One of the most common questions we receive at the Global Indoor Health Network:
Why Doesn't the Government Do Something About Indoor Air Pollution?
to read GIHN's press release in response to that question. The short answer is: Big Business says NO WAY. And, as we know, government answers to Big Business, not to individuals. Our position statement
provides detailed information in response to this question.
From the 1989
Massachusetts report: “The indoor air we breathe often contains pollutants which may have health effects ranging from annoying to deadly. Major pollutant types found in indoor environments include tobacco smoke, radon gas, formaldehyde, asbestos, volatile organic compounds, pesticides, combustion products and biological contaminants. For most of these pollutants, concentrations measured indoors exceed levels found outdoors yet current environmental air pollution laws and regulations are not protective of these indoor environments. They focus instead on the outdoor environment even though individuals spend about ninety percent (90%) of their time indoors.”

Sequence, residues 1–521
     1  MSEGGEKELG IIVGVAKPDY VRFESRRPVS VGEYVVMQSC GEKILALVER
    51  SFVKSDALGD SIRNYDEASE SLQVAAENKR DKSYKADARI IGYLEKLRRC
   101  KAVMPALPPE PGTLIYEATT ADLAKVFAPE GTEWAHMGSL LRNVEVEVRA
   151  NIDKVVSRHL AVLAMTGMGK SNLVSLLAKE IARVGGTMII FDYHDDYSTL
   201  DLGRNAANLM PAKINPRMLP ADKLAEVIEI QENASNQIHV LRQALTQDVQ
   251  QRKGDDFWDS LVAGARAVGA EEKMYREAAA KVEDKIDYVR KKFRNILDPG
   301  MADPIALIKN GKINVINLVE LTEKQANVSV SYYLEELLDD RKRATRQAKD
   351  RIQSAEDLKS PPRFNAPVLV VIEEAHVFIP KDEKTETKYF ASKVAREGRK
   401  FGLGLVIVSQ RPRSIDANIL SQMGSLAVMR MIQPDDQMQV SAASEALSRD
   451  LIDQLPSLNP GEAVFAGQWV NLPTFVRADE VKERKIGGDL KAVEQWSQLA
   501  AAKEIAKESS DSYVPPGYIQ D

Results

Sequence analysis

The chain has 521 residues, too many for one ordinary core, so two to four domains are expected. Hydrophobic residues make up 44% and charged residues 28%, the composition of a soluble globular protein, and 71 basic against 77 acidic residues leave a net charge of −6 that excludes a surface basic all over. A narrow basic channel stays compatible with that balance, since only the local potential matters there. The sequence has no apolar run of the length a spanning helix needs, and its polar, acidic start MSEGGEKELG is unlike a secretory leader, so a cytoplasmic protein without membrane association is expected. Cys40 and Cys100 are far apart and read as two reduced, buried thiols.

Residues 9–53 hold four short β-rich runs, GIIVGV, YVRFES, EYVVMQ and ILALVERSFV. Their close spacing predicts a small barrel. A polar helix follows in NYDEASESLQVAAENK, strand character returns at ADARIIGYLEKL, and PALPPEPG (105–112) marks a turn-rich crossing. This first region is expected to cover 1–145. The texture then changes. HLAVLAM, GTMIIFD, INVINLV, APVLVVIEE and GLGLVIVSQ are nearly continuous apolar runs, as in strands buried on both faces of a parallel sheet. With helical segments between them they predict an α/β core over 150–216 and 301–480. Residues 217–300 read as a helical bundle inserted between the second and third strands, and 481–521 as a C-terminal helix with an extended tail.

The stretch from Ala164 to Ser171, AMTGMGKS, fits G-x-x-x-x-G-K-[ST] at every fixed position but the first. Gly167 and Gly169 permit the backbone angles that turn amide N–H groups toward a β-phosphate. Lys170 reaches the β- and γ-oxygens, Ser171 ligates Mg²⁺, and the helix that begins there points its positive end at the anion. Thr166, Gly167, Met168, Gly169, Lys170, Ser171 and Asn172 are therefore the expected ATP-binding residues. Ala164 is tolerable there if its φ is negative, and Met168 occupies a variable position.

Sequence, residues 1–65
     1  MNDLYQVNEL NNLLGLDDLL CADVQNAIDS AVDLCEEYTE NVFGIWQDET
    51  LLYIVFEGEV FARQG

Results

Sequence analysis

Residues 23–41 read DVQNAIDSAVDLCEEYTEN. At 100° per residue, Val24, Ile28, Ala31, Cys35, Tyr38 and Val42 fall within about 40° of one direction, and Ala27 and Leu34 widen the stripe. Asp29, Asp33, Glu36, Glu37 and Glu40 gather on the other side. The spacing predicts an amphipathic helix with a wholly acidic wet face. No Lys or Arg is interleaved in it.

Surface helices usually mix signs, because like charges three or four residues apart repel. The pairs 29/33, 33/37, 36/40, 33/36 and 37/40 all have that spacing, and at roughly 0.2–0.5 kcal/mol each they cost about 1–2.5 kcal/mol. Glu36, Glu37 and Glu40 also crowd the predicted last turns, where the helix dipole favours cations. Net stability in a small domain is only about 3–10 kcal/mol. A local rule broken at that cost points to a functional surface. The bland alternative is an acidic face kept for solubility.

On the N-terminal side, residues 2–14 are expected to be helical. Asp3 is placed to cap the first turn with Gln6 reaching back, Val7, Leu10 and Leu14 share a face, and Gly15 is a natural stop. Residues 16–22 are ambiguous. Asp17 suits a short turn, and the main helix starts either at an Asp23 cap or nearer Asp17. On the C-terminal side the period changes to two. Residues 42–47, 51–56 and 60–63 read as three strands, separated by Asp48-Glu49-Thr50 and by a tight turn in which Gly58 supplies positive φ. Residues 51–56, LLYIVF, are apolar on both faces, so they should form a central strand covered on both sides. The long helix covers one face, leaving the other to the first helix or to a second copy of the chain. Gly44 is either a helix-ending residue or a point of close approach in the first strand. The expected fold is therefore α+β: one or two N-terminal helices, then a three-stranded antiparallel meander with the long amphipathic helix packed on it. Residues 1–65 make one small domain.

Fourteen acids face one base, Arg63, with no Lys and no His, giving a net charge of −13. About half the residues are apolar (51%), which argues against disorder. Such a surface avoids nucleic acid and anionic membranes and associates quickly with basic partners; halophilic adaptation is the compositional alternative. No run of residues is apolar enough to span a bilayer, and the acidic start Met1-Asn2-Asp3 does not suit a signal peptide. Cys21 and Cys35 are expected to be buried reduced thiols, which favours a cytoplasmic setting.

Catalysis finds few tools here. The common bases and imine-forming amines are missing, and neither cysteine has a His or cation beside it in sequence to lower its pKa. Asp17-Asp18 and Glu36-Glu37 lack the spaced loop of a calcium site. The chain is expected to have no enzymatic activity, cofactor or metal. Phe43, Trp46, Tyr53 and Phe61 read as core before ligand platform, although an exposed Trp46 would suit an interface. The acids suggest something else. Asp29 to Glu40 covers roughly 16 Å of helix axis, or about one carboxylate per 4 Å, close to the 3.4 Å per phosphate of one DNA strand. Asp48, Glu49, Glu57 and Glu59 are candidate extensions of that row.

From the 1989 EPA report
to Congress: "“The population health risks posed by exposure to indoor air pollutants appear to be significantly greater than the health risks posed by some of the environmental problems that receive the most public concern and governmental funding, including hazardous and non-hazardous waste sites, and contaminated sludge."
The Global Indoor Health Network is a 501(c)(3) organization dedicated to providing education and awareness of the health effects of mold and other indoor contaminants. Our worldwide network of experts and laypersons are working together to promote healthy indoor environments in homes, schools and businesses. Contact Us to become a member.